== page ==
VSJ – April 2004 – Sounding Board

Robin Jones muses on the paradoxes of Internet shopping.

Two reports in Computing, either side of Christmas, gave a considerable fillip to the e-commerce community. The first suggested that people are becoming much more comfortable with Web-based shopping. The third quarter of last year saw a turnover of £1.5 billion, over 80% up on the previous year. The second piece reported Christmas e-trading figures almost directly opposite to those experienced on the High Street. Some e-tailers showed trade rising by as much as 30%.

At the same time (and on the other hand) we are bombarded by doom-laden accounts of new viruses, worms, trojans and 419 and phishing scams. So why is the general public becoming more, rather than less, confident?

One reason has to do with quality of service. I recently had to buy a new fridge. Naturally, I researched the market on the Web. But, having found a model that looked like it met my requirements, I wanted to see something more satisfying than a blurry JPEG before parting with any green folding stuff. So I phoned the only local supplier. ‘No’, said the sales assistant, ‘We don’t have one in stock. But we could order it for you. Of course, if we do, you’ll have to buy it.’ Naturally, I did not take up this generous offer. I bought on the Web, saved myself about £90 (roughly 25%), took delivery within 3 working days (the retailer would have taken over a fortnight) and could have returned the fridge without query if I’d wanted to! Unless the High Street heeds the moral of this tale, there aren’t going to be any high streets. As I write, Tower Records is filing for bankruptcy.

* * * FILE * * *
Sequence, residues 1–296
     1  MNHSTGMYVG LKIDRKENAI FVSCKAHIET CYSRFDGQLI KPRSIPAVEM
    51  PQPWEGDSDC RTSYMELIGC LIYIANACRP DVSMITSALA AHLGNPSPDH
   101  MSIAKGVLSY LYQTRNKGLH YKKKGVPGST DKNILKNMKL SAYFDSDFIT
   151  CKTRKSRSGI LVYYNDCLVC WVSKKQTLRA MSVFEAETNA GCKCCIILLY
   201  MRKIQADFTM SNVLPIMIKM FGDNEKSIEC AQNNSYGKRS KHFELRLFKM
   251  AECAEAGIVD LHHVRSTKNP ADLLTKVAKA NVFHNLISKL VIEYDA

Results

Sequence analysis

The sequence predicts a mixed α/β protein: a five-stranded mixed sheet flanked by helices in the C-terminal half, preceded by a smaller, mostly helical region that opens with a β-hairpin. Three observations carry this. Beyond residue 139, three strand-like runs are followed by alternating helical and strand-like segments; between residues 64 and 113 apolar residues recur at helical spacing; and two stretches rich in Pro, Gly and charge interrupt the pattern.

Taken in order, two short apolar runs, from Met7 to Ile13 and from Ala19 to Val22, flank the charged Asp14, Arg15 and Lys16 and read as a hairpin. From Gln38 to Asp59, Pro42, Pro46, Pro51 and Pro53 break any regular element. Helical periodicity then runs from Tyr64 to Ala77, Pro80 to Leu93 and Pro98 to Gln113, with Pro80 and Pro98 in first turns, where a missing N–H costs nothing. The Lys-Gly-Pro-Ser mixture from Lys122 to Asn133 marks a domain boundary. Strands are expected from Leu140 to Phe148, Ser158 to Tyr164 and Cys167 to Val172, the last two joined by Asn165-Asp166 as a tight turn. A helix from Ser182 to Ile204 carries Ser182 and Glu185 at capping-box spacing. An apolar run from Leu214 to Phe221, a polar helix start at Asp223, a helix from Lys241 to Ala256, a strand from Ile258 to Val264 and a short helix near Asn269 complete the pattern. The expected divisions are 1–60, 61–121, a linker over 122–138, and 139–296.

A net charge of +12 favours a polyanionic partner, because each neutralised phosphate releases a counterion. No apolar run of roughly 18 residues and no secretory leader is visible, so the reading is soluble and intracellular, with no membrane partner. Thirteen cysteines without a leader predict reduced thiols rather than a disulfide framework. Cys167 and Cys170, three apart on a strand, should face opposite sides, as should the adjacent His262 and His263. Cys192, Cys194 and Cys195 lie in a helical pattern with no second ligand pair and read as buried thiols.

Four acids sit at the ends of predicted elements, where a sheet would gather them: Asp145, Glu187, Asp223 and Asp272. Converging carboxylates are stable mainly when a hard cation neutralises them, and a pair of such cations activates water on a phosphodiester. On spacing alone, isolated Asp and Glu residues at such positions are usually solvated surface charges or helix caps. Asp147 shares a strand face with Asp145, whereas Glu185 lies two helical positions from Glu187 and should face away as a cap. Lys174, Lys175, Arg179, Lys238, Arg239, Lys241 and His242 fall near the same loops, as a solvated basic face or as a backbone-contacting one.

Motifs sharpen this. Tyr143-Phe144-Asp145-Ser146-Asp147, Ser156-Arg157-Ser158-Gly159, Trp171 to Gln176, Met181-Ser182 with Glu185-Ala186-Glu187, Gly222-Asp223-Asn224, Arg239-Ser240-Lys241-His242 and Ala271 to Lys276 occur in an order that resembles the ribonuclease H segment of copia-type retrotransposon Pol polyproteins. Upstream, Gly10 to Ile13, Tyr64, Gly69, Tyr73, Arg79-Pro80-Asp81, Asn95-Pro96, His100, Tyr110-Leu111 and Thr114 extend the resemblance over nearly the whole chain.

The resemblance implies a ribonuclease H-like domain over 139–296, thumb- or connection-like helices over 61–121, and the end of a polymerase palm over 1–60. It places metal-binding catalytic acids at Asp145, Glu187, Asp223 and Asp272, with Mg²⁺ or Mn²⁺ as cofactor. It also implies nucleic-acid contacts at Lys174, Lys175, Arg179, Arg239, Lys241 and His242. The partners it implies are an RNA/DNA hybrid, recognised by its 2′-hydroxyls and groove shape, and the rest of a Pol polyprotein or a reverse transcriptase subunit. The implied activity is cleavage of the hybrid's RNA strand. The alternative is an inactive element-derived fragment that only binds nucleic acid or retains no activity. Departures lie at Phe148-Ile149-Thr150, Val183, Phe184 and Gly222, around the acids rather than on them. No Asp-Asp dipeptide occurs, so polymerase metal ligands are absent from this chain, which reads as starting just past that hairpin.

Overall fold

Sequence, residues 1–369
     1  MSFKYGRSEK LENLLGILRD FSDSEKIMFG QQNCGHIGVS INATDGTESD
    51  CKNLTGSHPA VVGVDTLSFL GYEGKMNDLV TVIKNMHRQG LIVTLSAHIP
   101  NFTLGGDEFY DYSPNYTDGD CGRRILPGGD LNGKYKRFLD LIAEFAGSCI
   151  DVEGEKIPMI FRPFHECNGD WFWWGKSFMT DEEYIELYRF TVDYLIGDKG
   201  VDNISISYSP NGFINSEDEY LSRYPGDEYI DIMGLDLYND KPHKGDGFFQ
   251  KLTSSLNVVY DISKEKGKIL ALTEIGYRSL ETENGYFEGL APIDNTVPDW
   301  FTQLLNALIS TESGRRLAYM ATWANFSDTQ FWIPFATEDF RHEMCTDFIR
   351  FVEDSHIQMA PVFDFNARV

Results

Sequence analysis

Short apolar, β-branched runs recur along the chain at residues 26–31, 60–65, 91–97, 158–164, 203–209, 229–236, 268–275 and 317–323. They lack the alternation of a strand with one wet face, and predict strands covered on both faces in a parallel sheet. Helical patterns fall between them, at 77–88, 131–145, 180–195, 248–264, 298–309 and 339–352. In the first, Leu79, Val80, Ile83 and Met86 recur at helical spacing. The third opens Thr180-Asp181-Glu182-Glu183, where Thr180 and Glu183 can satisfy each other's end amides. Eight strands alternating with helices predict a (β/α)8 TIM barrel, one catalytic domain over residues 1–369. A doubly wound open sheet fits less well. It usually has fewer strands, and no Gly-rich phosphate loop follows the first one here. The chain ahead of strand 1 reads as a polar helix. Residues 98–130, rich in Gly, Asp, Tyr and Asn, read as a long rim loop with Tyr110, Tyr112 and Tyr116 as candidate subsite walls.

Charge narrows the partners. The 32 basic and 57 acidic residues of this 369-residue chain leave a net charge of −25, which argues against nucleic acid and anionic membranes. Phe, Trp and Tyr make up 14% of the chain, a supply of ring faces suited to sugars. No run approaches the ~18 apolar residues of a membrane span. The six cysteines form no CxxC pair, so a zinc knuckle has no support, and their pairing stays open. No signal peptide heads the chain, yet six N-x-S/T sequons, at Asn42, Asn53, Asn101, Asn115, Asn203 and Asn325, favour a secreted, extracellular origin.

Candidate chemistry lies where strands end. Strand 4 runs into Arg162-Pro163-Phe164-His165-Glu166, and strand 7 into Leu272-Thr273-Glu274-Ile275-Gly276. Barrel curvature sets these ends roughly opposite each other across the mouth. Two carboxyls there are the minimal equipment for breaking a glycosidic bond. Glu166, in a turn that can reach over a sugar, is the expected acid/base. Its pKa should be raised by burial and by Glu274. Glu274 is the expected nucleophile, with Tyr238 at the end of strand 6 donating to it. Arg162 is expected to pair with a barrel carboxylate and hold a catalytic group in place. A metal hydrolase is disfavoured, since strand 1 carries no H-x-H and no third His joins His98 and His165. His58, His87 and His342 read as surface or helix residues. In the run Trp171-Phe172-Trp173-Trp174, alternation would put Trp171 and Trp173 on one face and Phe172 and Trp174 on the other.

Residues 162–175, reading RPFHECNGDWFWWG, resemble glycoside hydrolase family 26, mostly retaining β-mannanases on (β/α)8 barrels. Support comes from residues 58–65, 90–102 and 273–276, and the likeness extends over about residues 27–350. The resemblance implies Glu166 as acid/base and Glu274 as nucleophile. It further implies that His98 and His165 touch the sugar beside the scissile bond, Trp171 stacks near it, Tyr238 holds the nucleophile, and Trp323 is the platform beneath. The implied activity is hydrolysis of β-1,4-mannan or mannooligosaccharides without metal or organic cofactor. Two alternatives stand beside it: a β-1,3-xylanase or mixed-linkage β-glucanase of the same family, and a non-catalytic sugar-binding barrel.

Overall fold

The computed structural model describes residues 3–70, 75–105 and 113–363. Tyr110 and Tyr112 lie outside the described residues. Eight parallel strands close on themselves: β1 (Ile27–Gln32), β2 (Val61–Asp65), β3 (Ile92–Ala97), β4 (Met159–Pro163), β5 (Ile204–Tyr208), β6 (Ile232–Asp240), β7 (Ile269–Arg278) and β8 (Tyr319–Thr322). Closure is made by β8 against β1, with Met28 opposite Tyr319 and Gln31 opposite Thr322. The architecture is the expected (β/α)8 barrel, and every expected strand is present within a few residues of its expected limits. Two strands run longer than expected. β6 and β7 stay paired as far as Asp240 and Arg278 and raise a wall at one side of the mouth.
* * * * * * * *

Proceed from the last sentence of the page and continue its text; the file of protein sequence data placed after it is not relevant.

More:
But that doesn’t mean that those of us in the e-commerce business can sit back and watch the cash roll in. Growing confidence there may be but it won’t survive a well-publicised disaster or several. Joe and Jane Average-User know very little of the pitfalls that induce almost continual paranoia in our profession. Nor should they need to. After all, we don’t expect them to understand the intricacies of fuel injection before we let them drive a car. We have to develop ways of maintaining their security that don’t entail their having to remember to update their virus signature files or needing to respond to the firewall asking them whether they really want the spooler sub-system to connect to the Internet. I forget who said, ‘software is frozen assumptions’. But it’s a telling phrase. The assumptions built in to many of the current crop of security programs are that (1) the network is up all day every day and (2) there’s a network administrator doing the housework. Well, at home, the network is probably a single machine and it’s turned off when it’s not actually being used, not least because it makes an annoying noise. So if, by default, the anti-virus software automatically downloads update files at a particular time every day, there’s a fair chance it will be out of date most of the time. And if the family goes away on holiday for a month, they can pretty much expect a disaster on their return. Why isn’t it standard practice to launch signature update requests either on power-up (for broadband connections) or as soon as an Internet connection is made (for modems)? Because of the assumptions, that’s why. Can we stop making them, please?

[Something you’d like to get off your chest? Email me (Robin Jones) at eo@iap.org.uk.]

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